A dotty neglect of a Pop artist by Virginia Blackburn

Virginia Blackburn on a British artist whose iconic Sixties work is set for a fab revival

Pop Art is commonly recognised as one of the most important movements of the 20th century, with its leading artists — Andy Warhol and Roy Lichtenstein — enjoying the status of household names. One Pop artist, however, has not received the recognition he deserves. Gerald Laing, born in Britain but resident in the United States in the 1960s, is often thought of as an American artist and, since the heyday of Pop Art, has been shamefully overlooked.

Pop Art is commonly recognised as one of the most important movements of the 20th century, with its leading artists — Andy Warhol and Roy Lichtenstein — enjoying the status of household names. One Pop artist, however, has not received the recognition he deserves. Gerald Laing, born in Britain but resident in the United States in the 1960s, is often thought of as an American artist and, since the heyday of Pop Art, has been shamefully overlooked.
But that looks set to change with two exhibitions of Laing’s work running in London until December 8. Both are entitled Space, Speed, Sex, the title of a performance event Laing put on at the Slade art school in London in 1964. At Hazlitt Holland-Hibbert there is a loan exhibition of about 25 paintings and drawings, while the Sims Reed Gallery is holding a selling exhibition of prints. Both have aroused enormous interest.

Even the most cursory inspection of the work reveals artistry that was absolutely of its time. Laing, born in Newcastle upon Tyne, went to St Martin’s School of Art, London, in 1963-64 before moving to New York for the remainder of the decade.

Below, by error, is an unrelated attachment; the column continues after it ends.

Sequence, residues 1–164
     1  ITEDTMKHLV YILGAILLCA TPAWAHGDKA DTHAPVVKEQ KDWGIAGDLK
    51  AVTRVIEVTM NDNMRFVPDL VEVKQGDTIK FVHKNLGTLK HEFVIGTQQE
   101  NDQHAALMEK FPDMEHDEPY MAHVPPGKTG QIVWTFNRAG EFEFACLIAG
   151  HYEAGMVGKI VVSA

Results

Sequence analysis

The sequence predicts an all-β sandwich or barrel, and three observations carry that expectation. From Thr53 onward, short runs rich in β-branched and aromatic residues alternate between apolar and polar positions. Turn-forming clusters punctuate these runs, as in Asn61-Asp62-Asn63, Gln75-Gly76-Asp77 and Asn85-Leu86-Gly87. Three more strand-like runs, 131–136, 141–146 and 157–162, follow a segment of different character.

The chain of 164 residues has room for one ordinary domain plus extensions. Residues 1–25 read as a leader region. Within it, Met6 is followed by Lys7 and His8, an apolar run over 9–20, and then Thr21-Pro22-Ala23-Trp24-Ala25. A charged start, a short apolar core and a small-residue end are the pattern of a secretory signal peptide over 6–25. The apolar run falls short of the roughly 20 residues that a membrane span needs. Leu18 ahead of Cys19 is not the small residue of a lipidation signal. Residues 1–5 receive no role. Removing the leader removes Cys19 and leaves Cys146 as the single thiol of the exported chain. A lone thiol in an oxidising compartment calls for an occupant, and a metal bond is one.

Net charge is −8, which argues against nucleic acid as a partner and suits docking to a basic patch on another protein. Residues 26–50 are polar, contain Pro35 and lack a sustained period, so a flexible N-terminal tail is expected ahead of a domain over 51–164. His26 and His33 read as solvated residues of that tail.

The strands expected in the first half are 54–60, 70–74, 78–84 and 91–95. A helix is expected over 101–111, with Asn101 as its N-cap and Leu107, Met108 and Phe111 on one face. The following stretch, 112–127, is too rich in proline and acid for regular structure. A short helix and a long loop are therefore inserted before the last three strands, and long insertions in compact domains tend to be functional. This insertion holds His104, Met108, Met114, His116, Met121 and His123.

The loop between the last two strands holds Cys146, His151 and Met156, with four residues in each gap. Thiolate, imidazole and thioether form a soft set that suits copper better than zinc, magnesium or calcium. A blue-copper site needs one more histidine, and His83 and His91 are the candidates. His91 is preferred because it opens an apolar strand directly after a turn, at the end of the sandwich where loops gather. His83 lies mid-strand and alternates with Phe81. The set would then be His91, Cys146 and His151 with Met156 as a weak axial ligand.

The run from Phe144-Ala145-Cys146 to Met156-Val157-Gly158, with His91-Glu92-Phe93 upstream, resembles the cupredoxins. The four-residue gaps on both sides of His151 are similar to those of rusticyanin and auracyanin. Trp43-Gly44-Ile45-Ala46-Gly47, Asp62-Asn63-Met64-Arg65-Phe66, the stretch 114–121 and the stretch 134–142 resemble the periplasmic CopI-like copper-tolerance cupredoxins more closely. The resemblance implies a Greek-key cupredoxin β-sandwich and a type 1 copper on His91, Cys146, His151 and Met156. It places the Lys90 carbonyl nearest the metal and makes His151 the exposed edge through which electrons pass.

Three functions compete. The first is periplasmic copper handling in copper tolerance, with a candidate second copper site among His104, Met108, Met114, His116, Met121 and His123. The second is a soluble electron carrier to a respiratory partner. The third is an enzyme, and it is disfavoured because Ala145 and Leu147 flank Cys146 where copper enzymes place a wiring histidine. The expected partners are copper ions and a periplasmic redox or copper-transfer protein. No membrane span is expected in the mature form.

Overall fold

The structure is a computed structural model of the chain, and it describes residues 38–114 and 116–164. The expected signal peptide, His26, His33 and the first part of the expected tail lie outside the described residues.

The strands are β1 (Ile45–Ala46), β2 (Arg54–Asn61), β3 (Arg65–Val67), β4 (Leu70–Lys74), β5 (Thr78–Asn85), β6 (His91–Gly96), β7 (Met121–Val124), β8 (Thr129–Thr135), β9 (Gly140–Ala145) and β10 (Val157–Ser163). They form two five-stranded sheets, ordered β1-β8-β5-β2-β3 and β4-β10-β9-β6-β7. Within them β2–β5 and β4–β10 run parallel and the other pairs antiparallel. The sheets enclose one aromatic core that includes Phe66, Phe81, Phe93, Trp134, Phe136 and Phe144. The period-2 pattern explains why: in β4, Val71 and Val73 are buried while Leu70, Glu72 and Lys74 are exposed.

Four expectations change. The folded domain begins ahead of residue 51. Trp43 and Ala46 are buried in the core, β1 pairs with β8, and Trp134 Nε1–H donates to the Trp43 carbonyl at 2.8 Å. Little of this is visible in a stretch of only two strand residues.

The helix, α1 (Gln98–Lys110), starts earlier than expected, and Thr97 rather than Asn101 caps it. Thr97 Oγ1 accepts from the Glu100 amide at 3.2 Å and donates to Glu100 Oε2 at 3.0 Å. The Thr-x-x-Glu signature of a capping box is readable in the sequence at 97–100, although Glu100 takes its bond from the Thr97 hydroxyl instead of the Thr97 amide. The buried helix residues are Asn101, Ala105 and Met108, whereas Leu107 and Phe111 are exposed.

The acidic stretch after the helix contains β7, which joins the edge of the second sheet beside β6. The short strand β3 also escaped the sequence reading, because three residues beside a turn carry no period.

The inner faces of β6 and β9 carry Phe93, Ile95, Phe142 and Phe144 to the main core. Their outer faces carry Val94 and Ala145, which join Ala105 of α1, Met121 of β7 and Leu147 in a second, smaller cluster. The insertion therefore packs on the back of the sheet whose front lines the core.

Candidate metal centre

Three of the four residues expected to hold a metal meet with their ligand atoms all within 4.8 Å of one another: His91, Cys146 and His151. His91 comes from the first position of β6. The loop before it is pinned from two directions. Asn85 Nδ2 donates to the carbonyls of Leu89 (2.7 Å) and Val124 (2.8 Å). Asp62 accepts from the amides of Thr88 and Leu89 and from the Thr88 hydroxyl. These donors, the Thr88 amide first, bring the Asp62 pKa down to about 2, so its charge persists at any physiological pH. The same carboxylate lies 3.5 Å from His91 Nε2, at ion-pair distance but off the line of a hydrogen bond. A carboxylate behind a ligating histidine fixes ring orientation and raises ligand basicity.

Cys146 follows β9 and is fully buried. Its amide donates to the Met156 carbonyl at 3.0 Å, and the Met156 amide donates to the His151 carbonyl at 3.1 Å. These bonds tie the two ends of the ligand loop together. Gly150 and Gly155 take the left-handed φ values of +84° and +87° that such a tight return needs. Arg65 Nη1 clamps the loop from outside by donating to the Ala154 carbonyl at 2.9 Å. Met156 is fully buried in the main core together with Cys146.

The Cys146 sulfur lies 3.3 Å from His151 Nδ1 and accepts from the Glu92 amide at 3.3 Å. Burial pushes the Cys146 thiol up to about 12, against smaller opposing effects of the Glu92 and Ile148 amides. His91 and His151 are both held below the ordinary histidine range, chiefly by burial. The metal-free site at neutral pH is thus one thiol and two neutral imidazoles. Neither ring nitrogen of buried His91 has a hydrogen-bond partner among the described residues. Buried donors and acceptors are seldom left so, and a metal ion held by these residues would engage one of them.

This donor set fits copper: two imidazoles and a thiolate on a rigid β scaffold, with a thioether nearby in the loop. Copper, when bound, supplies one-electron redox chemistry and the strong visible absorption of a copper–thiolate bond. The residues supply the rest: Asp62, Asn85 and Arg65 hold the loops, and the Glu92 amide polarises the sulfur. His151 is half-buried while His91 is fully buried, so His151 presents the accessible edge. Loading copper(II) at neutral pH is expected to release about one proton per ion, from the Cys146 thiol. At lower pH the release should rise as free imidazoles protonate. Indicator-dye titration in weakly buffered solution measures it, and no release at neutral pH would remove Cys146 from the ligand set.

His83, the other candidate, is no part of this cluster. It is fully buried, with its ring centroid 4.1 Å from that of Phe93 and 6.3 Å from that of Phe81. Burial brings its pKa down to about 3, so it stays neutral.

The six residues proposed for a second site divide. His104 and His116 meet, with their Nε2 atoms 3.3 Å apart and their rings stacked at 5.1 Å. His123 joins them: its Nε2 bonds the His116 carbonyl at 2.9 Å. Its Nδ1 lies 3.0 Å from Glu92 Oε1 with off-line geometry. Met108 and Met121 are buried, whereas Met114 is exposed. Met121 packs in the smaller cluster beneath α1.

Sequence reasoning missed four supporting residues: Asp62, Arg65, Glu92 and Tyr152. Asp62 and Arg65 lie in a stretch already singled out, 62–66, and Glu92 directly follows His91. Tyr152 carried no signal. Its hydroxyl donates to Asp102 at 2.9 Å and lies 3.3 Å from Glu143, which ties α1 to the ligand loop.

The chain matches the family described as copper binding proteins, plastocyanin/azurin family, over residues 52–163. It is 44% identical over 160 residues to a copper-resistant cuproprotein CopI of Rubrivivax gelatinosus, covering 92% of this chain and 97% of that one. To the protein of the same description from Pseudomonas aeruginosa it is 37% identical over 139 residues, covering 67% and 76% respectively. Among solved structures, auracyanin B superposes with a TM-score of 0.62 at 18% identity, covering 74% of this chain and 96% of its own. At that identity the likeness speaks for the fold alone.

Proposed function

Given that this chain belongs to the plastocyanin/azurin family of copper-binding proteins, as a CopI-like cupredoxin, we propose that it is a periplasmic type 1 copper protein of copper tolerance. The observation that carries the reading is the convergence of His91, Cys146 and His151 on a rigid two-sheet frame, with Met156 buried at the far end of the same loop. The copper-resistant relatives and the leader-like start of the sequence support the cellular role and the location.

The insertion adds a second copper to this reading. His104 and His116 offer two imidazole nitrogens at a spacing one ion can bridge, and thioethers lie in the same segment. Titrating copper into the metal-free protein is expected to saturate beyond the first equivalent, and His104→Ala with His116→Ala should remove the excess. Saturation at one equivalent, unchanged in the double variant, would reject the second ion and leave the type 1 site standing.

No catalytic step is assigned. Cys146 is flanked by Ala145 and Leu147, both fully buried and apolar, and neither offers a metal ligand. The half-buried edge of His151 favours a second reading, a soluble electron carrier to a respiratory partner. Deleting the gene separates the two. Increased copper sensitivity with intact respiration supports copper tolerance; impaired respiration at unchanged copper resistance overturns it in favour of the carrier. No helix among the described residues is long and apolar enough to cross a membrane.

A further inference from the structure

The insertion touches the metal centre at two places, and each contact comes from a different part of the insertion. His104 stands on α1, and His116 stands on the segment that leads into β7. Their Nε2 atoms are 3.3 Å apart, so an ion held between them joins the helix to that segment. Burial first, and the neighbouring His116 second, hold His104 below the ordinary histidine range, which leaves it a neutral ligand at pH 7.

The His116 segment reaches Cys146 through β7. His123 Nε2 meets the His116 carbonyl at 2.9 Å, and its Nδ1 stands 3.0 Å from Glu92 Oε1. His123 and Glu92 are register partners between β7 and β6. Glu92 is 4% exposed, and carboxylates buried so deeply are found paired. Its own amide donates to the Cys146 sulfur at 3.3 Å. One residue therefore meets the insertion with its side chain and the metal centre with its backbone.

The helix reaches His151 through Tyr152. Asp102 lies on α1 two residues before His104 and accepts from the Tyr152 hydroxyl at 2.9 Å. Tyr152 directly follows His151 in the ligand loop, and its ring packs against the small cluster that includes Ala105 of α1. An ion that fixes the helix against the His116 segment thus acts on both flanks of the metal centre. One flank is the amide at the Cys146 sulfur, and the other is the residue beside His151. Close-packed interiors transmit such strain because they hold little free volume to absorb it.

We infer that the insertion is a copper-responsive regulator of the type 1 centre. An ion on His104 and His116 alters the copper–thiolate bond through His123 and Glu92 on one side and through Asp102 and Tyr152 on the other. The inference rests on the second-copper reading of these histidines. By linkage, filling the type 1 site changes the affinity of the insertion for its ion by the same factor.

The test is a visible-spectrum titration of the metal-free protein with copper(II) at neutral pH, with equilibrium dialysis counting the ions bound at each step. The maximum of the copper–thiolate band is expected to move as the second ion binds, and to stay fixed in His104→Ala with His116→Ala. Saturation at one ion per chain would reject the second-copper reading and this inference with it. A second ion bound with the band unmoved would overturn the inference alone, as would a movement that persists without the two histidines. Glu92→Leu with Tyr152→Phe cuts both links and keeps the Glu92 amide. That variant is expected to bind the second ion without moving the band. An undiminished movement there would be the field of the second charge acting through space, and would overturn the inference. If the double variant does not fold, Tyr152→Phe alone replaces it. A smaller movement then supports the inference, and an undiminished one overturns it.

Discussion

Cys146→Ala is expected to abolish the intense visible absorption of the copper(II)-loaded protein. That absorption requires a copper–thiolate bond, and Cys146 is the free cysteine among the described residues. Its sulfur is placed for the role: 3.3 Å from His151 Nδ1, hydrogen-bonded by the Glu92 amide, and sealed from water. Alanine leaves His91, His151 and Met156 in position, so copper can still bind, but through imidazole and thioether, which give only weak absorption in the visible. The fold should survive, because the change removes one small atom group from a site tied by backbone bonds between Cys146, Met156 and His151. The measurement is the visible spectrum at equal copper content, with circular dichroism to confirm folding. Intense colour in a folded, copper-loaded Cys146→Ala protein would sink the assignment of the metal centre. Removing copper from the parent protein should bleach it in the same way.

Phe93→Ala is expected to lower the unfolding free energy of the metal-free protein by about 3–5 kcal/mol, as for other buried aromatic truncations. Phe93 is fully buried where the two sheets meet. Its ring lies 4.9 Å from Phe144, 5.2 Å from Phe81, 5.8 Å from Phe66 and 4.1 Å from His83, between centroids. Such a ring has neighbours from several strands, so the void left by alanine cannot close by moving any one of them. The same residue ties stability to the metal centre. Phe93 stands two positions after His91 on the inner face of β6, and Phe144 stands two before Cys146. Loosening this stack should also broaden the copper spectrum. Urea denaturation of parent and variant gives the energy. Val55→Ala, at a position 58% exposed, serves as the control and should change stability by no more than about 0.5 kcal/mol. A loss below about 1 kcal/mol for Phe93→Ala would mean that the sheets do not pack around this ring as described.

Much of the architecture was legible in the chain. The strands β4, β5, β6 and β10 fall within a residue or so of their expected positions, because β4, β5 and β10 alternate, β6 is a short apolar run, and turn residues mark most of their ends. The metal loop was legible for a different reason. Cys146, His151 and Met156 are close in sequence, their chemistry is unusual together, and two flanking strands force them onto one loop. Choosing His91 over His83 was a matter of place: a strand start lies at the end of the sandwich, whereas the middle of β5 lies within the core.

“I grew up in the grimness of the 1950s,” says Laing, who has lived in the Scottish Highlands for nearly 40 years. “I can remember the war — gas masks, Anderson shelters and bombs falling, which gave way to the grimness of the next decade. By the 1960s a small number of the population might have been wearing miniskirts, but the majority were still depressed. Against that background, advertising and photography seemed to be the future. I wanted to paint dreams of perfection — one of the major ideas of the 1960s.”

Moving to America opened up a new world to Laing. The brashness of the US appealed to him. “Unlike us, they’d had a good war,” he says.

He became fascinated by the preoccupations of American life, specifically bikini girls, astronauts and drag racing. “It was extravagantly perfect,” he says. “It was part of the American dream.”

This subject matter reappeared constantly, making such an impact that although few might recognise Laing’s name, many would know his work. His screen print of Brigitte Bardot is one of the iconic images of the time.

Laing was unique: a British Pop artist working with his American contemporaries. But falling between two stools has contributed to the neglect of his work. James Holland-Hibbert says: “He was in the wrong country at the wrong time.”

Because Laing was working abroad during the Sixties, British Pop artists tended not to know him. And at the height of his success in the US he disappeared back to Britain, finding the market too cynical for his tastes. His works are well represented in American museums, but this, too, has worked against him because he did not leave behind a great deal on the open market so that people might remember his name.

All of which must surely change, for his work holds its own against the greats. “His dot paintings are as iconic as Lichtenstein’s,” Mr Holland-Hibbert says.

The prints start at about £850 (that may seem reasonable but the Bardot portrait is actually £10,000). Two of them, Field and First National Bank, both £5,000, have never before been shown in the UK. Lyndsey Ingram, of Sims Reed Gallery, says: “At the time, it was all about space, the sexual revolution, sky diving, astronauts and hot rods. For a while these images became more marginalised. But now it is clear that all of this is still what we love.”

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